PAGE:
Inverness Airport makes multi-million investment in environmental upgrades

Inverness Airport has recently completed the first phase of a £5.5 million project to modernise the airfield’s surface water drainage system.

The original drainage pathways – which dated back to the original 1940 RAF Dalcross aerodrome – were disconnected, due to concerns contaminated water could enter and damage the local ecosystems.

Creating new drainage sections also increased the capacity for storing water on site during periods of high rainfall, reducing the overflow risk of untreated water. These new sections were sealed with impermeable liners to prevent the leaching of contaminants, and also now link additional areas to the water treatment system – including airfield taxiways and aircraft parking areas.

In addition, surveys were carried out in the Moray Firth to investigate the proposed route for a new discharge pipeline. This was carried out in consultation with Scottish Natural Heritage and the Scottish Environment Protection Agency, to ensure no disturbance to the many species of birds and other wildlife which inhabit this area.

The second phase of the project is due to commence in autumn 2019, and will include upgrades to the original system and the construction of a new outfall route.

Photo: Highland Aviation

Dan Mason, Airfield Operations Manager at Inverness Airport, said, “This has been a very successful start to the project, with the airport liaising closely with the local community as we wanted to make sure they knew what was happening and why.  We’re looking forward to seeing the positive impacts this work will have.”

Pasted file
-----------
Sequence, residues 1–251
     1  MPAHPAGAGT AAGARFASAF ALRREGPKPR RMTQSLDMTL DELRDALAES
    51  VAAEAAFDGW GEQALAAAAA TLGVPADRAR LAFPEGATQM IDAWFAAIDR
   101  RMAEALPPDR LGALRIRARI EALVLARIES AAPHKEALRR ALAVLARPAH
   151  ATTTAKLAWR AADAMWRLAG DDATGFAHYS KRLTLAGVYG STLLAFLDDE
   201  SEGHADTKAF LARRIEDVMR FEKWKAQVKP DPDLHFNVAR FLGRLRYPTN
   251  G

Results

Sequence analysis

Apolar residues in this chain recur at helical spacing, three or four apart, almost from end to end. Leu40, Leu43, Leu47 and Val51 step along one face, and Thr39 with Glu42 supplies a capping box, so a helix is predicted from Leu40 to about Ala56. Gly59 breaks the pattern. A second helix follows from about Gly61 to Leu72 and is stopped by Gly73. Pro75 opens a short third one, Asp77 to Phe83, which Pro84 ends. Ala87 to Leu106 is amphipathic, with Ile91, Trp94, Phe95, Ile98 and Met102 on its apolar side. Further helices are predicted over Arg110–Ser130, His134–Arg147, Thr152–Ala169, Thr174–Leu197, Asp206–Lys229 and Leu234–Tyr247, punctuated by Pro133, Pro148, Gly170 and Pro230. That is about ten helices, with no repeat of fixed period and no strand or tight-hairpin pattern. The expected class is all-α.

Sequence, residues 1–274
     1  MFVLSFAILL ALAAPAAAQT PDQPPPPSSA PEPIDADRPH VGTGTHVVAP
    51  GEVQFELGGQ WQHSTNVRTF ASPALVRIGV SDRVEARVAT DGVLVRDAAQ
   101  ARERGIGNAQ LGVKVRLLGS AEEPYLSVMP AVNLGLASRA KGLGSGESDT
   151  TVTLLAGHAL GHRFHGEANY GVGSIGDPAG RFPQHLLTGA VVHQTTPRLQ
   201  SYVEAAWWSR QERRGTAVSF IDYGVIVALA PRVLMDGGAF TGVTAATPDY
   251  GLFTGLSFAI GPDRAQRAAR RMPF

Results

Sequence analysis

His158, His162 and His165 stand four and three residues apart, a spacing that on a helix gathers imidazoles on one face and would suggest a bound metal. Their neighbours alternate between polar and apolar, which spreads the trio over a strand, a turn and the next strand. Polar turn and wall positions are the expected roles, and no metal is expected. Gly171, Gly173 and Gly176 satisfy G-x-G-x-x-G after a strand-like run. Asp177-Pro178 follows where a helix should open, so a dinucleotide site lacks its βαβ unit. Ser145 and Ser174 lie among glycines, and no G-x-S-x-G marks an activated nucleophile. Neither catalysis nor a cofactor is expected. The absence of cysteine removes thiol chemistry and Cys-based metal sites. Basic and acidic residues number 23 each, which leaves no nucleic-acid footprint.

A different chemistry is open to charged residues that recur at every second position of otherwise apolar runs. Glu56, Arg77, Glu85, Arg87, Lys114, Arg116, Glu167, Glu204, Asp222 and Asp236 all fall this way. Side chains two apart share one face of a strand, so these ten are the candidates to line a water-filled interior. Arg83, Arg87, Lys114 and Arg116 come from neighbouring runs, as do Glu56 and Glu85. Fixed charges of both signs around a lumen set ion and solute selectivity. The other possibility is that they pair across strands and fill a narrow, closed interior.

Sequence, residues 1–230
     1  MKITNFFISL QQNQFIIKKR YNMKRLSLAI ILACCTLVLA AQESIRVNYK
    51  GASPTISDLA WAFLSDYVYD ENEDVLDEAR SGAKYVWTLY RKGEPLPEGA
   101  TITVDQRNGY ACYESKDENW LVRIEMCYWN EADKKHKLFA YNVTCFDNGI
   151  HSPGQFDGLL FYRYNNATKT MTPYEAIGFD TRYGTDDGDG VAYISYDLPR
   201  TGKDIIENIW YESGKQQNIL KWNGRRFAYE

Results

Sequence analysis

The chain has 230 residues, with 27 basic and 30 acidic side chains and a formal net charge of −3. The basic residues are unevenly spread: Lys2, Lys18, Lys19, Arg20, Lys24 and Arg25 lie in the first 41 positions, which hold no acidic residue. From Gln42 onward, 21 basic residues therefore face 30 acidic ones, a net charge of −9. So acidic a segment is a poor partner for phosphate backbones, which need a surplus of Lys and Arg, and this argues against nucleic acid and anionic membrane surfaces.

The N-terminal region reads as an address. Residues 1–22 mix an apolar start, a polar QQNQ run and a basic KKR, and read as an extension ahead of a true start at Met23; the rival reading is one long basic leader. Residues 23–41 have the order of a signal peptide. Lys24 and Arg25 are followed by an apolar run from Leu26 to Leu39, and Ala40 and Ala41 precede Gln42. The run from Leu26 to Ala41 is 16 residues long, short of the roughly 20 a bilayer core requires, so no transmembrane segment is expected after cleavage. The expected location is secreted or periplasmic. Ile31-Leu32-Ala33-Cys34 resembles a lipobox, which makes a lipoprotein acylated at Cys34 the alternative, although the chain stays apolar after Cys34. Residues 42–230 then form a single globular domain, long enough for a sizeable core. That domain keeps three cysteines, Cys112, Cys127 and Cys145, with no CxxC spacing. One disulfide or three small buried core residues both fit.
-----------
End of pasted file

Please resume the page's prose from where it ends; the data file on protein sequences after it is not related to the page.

HIAL has also recently achieved the Bronze level of the Resource Efficiency Pledge from Resource Efficient Scotland.  A nationwide scheme backed by the Scottish Government, Resource Efficient Scotland supports organisations to use energy, water and raw materials effectively.

To obtain the Bronze level pledge, HIAL committed to a range of aims which were demonstrated by:

  • developing the 2017 Environmental Policy
  • creating an Environmental Working Group to help develop policies and the Environmental Strategy
  • staff training sessions in water sampling and calibration methods.

Julie Bhatti, HIAL’s Environmental Advisor, said: “Gaining the Bronze level pledge gives us the recognition that we are taking our environmental commitment seriously, as well as demonstrating our commitment to sustainable economic growth in Scotland.”

Work to achieve the Silver level Pledge will begin next year.

These are just two recent examples of HIAL’s commitment to continually improving its airports’ environmental and sustainability performance.  HIAL is developing an ambitious Environmental Strategy for 2020-2030 and will strive to exceed the Scottish Government’s targets. To focus on innovative opportunities, eight environmental pillars have been established – including Waste Management, Ecology and Landscape and Energy Consumption and Carbon Management – which are based on sustainable development goals and models.